Per the latest recommendations from the Centers for Disease Control and Prevention, people who’ve experienced symptomatic SARS-CoV-2 infection can stop isolating after 5 days, provided that they’ve been fever-free for 24 hours without taking fever-reducing medication and their symptoms have improved. People who’ve tested positive but experienced no symptoms can stop isolating after day 5 without conditions. New data just published by JAMA Network Open lean in the other direction, however. In a small (N=40) cohort study at Mass General Brigham, researchers discovered that 75% of subjects continued to have positive rapid antigen tests on day 6 after either diagnosis or symptoms onset, whichever came first. Further, 35% had culturable virus on day 6. Assuming the premise that culturable virus is the most reliable predictor for transmissibility, the data suggest that the 5-day recommendation may not be sufficient to prevent spread for a substantial proportion of patients with COVID-19. The researchers stopped short of recommending a blanket increase in quarantine length, however, in favor of strongly recommending mask-wearing and avoiding “high-risk transmission venues” through day 10 for COVID patients.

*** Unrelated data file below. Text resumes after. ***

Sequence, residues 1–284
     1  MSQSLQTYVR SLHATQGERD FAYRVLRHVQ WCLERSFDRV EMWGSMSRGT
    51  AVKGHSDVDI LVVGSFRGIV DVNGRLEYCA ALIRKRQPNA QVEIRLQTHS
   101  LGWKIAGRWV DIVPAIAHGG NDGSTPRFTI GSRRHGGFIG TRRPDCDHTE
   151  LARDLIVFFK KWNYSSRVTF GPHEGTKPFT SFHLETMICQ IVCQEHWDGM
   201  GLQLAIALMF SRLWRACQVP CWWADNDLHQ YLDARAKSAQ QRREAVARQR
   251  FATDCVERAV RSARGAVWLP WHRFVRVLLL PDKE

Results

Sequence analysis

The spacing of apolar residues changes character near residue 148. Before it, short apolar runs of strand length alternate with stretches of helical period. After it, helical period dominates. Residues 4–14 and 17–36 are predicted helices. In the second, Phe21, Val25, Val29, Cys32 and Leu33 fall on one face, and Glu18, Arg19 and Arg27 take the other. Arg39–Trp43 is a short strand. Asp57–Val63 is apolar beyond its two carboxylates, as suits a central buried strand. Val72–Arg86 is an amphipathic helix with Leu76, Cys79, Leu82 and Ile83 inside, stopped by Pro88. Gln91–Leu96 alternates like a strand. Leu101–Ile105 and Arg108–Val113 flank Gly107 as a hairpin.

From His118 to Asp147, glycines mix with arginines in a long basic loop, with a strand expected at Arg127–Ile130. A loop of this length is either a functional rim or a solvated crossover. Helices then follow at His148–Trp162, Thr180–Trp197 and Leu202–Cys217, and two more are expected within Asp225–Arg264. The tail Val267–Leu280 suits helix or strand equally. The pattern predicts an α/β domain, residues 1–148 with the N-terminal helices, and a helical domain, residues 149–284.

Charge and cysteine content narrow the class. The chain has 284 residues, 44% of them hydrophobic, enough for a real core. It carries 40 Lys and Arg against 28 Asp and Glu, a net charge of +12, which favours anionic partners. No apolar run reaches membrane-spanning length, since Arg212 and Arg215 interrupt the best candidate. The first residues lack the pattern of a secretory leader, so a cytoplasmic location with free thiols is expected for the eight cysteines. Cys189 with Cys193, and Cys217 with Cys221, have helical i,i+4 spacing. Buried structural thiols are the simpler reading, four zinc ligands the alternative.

As More Data Come to Light, Recommendations Concerning COVID Patient Isolation Get Murkier